- First, there's been some good discussion of returns to different majors. I haven't had the time to look at this stuff in detail -there's a lot of self-selection in this sort of thing so I hope everyone is citing good studies that take that into account. This was a particularly interesting post on STEM (science, technology, engineering, and mathematics) degrees by Arnold Kling. I don't endorse the "STEM shortages" claim, but I do think this post and the links in it have some interesting material on grade inflation and college major choices.
- Granted, you have to be careful when you say you don't endorse the STEM shortages claim, because some people then want to lump you into the Lou Dobbs crowd. I've met and had conversations with both Ron Hira and Norman Matloff (both interviewed here by Lou Dobbs). I'm often sympathetic to Ron's high-quality work on the H1-B (although I don't agree with all the policy conclusions he draws from it). I have much bigger problems with Matloff's claims. One of my problems with this video is that they jumble a lot of different labor markets. I do think there are big problems with the post-doc labor market. I think there are trends in the labor market for software engineers that are definitely unfortunate for software engineers themselves. But I don't think you can look at gluts or dynamics in these very unique fields and make broader claims about how we have more than enough skilled workers.
- So I am not a "staple a green card to their diploma" STEM shortage guy, but I'm also not a "we're flooded with foreign labor and Americans will never do science" guy. Another prototypical position to take in this whole debate is the "forget the scientists - we need more skilled blue collar workers" position. Like the other positions, I think there's a grain of truth to this but I can't endorse it completely. We do under-invest in mid-level skills in this country. We have a bifurcated education system with a lot of four year degree liberal arts majors (which is fine - civilized society needs liberal education) that we put a lot of money into on the one hand, and a lot of high school grads, GED holders, and dropouts that need more investment in their human capital on the other. We know solutions that work - apprenticeships, community college, career and technical education. Some of these are on the rise, which is good - some aren't. If there's any truth to the "skills shortage"/"skills mismatch" story it's on these jobs with these skills. Technical, high-value work that does not require a four year degree. Mike Rowe has a great promotion of this issue here (again, I can't endorse everything he says about skills gaps, etc. - but he's focusing on important issues despite those disagreements that I'd have... and yes I'm actually embedding Mike Rowe's video but not Lou Dobbs because I like Rowe decidedly more than I like Dobbs):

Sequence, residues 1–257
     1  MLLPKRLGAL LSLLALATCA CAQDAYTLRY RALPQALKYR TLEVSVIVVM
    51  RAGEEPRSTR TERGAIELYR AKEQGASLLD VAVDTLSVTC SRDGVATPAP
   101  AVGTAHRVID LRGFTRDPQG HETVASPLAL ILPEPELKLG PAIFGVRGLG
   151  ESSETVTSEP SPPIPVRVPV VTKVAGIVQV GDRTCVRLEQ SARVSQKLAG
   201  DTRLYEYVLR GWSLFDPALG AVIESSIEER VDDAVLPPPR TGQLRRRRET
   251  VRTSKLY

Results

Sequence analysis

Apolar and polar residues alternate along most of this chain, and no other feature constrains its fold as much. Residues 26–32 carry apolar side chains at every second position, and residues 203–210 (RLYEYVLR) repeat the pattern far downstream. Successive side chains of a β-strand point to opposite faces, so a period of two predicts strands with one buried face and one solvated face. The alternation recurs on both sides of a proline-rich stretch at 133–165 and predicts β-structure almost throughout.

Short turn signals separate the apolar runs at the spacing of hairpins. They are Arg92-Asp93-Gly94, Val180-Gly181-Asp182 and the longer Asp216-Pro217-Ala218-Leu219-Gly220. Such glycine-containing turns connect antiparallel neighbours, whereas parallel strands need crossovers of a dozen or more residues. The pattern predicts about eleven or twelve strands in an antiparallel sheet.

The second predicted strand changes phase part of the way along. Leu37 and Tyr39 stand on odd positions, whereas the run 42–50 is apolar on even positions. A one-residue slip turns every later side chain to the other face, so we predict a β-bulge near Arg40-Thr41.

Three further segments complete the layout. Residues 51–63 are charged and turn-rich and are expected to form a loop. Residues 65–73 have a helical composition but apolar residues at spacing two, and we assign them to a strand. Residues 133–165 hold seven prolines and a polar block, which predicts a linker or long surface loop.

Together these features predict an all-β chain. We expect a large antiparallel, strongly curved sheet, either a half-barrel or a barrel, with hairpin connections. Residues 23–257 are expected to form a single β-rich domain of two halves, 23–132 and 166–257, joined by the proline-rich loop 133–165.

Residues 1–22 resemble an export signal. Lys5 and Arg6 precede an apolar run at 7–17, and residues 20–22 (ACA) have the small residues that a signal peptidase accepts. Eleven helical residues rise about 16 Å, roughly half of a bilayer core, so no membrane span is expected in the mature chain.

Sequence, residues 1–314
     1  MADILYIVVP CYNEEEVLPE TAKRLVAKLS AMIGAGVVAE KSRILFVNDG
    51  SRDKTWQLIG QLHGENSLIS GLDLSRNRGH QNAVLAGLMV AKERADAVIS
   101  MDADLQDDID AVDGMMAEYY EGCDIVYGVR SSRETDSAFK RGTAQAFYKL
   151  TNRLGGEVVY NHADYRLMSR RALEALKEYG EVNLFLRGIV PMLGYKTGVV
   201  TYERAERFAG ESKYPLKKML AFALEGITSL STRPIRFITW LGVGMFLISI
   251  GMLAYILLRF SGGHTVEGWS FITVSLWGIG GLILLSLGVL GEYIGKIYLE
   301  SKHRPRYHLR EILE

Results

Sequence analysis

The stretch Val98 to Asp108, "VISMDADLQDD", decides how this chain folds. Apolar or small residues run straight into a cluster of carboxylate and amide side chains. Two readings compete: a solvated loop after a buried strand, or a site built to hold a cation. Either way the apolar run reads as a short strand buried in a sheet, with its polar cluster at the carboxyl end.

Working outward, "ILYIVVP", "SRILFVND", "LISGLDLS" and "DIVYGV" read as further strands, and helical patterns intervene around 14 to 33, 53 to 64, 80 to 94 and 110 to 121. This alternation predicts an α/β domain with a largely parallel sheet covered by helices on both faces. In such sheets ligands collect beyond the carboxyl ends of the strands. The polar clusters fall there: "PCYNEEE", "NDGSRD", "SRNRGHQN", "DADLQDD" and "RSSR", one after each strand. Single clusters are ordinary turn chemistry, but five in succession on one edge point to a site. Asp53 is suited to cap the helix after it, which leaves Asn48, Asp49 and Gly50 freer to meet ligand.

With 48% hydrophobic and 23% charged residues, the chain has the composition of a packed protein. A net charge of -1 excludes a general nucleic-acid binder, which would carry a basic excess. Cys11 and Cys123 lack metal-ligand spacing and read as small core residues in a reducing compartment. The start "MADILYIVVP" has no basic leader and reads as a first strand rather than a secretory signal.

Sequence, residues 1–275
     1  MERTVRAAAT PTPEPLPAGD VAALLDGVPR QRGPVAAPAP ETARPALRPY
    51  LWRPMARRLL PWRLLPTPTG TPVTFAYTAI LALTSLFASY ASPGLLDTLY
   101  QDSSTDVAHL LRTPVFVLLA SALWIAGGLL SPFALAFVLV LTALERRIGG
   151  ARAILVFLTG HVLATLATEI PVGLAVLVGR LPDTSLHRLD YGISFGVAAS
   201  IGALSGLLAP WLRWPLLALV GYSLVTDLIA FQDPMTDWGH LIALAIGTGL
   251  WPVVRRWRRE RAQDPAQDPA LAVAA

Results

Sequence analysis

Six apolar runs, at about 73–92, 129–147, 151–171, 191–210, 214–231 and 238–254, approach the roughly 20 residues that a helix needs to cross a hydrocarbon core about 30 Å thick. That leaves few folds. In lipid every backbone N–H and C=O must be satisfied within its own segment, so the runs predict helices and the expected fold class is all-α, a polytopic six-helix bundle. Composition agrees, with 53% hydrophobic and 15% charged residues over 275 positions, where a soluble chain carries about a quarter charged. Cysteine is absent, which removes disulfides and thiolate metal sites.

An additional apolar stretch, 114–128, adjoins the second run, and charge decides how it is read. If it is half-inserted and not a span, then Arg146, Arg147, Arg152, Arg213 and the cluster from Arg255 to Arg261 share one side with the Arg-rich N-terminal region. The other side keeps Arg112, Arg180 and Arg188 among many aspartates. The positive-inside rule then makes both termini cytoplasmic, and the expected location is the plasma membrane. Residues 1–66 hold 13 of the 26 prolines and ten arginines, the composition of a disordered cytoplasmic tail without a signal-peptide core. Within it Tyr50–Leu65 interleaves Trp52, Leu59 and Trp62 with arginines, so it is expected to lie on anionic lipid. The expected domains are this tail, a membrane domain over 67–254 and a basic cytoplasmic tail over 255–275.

- Finally, because the science and engineering labor market holds special interest to me, I've always been interested in the compensating wage differentials literature - a factor that I think for obvious reasons plays a huge role in this market. I was reading some of Einstein's essays last night, and I came across this great passage that really highlights why compensating differentials are so important when we think about scientists. He writes:
"The most important motive for work in the school and in life is the pleasure in work, pleasure in its result and the knowledge of the value of the result to the community." (from "On Education", 1936)
I (obviously) think one of the chief determinants of work is the monetary compensation received for that work and the marginal productivity that firms get out of purchasing labor. Einstein has not swayed me from this view. But I strongly agree with Einstein that that is not the full extent of our relationship with work, and in scientific jobs particularly, there are often motives much broader than earning an income that have to be considered.
Those are some scattered thoughts - I've been thinking about the STEM labor market recently because I'm getting ready to write an application for an IHS fellowship discussing the market for scientific labor. As I've said before - the market works. There's no real evidence of doomsday shortages. There are all kinds of interesting dynamics and adjustment processes in this specialized labor market - and lots of implications for growth and sustainability in general. There's lots of fascinating stuff for an economist to talk about. But the sky-is-falling mentality that a lot of people have is simply not justified.